Of course this is bad for kids, but it’s not about kids. They’re just pawns, as usual. It’s about politics. Pushing transgenderism not only destabilizes a key component of a child’s identity but also contributes to early sexualization that is linked with mental illness and risky behaviors. Early exposure to and lack of clear parental direction about sex is also linked with increased gender confusion, which is precisely what we’re seeing as clinics for cutting and pasting children’s hormones and body parts explode inside a media environment that glamorizes this form of child abuse.

Parents are facing fewer and fewer ways to protect their children from being used as guinea pigs inside an experiment constructed by unelected bureaucrats. Here we’ll discuss two recent examples: one specific and one more general.

You Can’t Know What We’re Teaching Your Kids About Sex

Kelsey Harkness recently reported on the brewing situation at a public charter school in Minnesota. Charters are public schools often created and run by a board of a coalition of local parents and community leaders. Everyone who attends has to choose to do so rather than be assigned to attend automatically through geographic attendance zones, like most public schools. They usually provide a safe haven for families looking for a sound alternative to traditional schools, which are on average of lower academic quality because they do not have to compete for students.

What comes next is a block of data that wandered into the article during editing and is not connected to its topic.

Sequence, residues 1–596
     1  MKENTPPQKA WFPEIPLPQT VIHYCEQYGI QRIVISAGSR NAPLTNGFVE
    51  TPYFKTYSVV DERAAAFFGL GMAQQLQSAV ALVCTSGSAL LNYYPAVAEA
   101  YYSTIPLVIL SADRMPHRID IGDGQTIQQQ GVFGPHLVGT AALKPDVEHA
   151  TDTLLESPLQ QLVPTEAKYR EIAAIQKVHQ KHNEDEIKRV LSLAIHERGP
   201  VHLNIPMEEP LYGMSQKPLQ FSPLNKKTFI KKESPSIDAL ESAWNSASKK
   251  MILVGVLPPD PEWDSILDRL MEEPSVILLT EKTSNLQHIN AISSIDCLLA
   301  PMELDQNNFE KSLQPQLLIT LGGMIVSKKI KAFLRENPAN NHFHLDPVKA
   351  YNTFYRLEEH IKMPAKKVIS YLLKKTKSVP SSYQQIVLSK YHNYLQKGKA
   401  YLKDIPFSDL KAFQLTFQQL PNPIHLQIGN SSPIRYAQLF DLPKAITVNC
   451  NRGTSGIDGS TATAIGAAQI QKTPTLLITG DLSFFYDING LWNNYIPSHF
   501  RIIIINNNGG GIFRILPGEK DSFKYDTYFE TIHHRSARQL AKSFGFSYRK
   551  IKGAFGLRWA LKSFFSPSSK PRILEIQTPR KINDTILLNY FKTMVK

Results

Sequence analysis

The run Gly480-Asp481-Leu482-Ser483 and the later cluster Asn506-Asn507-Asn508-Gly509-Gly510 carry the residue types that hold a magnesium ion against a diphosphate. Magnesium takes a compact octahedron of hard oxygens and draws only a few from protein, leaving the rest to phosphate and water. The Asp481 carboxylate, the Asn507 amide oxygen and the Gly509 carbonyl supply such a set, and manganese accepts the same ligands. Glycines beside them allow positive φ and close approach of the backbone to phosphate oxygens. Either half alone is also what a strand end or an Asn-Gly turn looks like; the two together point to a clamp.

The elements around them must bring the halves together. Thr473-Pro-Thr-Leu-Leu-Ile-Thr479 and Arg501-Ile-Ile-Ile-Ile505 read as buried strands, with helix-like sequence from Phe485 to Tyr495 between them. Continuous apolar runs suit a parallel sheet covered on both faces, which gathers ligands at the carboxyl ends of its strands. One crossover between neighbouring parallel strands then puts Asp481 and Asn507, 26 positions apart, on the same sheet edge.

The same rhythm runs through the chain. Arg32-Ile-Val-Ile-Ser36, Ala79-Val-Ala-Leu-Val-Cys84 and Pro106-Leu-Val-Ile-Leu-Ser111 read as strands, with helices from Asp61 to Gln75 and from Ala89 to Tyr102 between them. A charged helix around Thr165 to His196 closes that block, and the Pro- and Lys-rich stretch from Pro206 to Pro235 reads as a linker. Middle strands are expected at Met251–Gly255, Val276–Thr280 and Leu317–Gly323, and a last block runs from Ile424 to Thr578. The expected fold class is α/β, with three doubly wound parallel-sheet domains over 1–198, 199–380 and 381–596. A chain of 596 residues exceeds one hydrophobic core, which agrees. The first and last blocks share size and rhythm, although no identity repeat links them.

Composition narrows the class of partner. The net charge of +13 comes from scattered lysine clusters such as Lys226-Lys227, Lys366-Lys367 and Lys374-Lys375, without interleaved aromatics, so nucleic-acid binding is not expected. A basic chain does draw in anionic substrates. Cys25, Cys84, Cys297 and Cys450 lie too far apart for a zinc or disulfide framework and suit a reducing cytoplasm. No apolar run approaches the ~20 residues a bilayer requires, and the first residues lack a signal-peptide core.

Saint Paul’s Nova Classical Academy is ranked by U.S. News and World Report as the top Minnesota high school. But it has been transformed into a rainbow Trojan horse after Dave and Hannah Edwards sued Nova for not including pro-transgender materials starting in kindergarten to accommodate their five-year-old son, whom they claim is transgender. Parents began transferring their kindergarteners out of the child’s class when they came home saying things like, “Mom, I think you can choose if you want to be a boy or a girl,” according to interviews with The Daily Signal.